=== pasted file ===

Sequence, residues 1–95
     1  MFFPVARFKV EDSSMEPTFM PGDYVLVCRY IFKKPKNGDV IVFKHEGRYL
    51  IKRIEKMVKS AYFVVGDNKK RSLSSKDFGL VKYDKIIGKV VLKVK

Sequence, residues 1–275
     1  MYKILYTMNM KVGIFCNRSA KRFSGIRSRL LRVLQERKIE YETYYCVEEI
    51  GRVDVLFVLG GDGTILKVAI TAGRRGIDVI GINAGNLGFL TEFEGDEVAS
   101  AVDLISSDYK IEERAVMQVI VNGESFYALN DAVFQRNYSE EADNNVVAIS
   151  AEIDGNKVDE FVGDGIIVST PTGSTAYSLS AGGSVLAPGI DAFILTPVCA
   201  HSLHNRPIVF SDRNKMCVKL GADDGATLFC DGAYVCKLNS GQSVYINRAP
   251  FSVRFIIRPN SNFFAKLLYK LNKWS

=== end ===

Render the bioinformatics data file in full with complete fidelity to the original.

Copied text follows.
Sequence, residues 1–95
     1  MFFPVARFKV EDSSMEPTFM PGDYVLVCRY IFKKPKNGDV IVFKHEGRYL
    51  IKRIEKMVKS AYFVVGDNKK RSLSSKDFGL VKYDKIIGKV VLKVK

Sequence, residues 1–275
     1  MYKILYTMNM KVGIFCNRSA KRFSGIRSRL LRVLQERKIE YETYYCVEEI
    51  GRVDVLFVLG GDGTILKVAI TAGRRGIDVI GINAGNLGFL TEFEGDEVAS
   101  AVDLISSDYK IEERAVMQVI VNGESFYALN DAVFQRNYSE EADNNVVAIS
   151  AEIDGNKVDE FVGDGIIVST PTGSTAYSLS AGGSVLAPGI DAFILTPVCA
   201  HSLHNRPIVF SDRNKMCVKL GADDGATLFC DGAYVCKLNS GQSVYINRAP
   251  FSVRFIIRPN SNFFAKLLYK LNKWS